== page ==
3. Post-consultation process: a full report on the results of the consultation process is submitted to WASREB.
  4. WASREB post consultation: WASREB analyses the proposal and inputs given by stakeholders in the consultation phase. It then issues a decision on the new tariff system.
  5. Publication of the new tariff: the decision should be published in the Kenyan National Gazette.

In Tanzania, the Energy and Water Utilities Regulatory Authority (EWURA) is mandated to review rates and charges either when an application is lodged by an applicant, or when the authority finds it necessary to do so as stipulated in Section 17 of EWURA Act (Cap 414).

The procedure for tariff application is provided under the Tariff Application Guidelines (2017) and EWURA (Tariff Application and Rate Setting) Rules 2017, GN 452. Decisions reached by the authority is communicated through written tariff orders. Tariff orders are usually attached with conditions that need to be fulfilled by applicants within a specified time period.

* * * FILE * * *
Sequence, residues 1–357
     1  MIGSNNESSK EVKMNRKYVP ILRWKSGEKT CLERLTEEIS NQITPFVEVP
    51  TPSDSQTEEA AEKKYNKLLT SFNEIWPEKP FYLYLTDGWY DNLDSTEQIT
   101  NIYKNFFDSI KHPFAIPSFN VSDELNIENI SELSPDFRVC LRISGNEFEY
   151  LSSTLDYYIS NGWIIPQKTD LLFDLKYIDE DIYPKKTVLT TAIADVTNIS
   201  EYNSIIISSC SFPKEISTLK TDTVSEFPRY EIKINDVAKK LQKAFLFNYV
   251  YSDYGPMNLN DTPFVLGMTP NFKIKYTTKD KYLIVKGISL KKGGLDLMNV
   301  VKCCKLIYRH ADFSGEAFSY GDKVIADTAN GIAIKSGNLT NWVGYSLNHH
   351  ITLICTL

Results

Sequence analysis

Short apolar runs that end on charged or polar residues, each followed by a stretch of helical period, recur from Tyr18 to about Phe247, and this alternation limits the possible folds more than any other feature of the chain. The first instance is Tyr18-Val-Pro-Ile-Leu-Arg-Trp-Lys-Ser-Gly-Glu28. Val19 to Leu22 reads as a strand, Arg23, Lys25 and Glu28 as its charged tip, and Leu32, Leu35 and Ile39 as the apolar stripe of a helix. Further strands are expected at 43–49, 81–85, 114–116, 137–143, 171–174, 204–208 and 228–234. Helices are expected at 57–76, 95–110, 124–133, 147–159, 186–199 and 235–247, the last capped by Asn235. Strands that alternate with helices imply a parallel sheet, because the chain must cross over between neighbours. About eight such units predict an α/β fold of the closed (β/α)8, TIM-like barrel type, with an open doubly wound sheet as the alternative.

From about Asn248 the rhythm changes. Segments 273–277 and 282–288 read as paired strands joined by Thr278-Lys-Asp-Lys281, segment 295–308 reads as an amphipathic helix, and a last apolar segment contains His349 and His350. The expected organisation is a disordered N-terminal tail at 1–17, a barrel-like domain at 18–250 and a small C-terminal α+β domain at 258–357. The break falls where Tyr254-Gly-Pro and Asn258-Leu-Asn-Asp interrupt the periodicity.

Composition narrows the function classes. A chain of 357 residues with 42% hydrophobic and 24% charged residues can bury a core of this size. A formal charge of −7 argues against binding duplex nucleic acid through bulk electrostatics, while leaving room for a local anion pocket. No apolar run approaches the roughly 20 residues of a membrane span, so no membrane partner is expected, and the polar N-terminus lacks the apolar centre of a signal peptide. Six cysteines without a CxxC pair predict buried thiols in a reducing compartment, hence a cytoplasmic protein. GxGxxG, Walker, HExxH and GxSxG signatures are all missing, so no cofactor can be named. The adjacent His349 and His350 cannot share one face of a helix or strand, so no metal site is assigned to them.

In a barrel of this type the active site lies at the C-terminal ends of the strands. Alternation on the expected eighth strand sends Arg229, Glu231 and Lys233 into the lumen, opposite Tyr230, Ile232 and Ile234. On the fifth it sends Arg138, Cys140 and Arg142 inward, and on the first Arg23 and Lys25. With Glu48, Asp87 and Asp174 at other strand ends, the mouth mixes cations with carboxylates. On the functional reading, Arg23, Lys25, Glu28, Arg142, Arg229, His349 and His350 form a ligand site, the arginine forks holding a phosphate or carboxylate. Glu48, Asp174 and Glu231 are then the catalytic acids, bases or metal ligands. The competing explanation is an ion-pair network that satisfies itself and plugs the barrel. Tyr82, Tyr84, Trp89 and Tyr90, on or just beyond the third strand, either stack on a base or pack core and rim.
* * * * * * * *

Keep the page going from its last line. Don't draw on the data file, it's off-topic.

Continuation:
Internal capacities needed and the role of partners

Similarly to setting tariffs, further adjustments and updates require a range of financial, planning, and technical regulatory abilities. Regulators usually benefit from capacity building through training, supported by related sector ministries, the private sector, research institutions, and facilitated by development partners.

Other regulatory best practices may be of use, from technical exchanges. Regulators’ staff must be trained on different tariff modalities, and financial and social implications, to be able to conduct regular adjustments.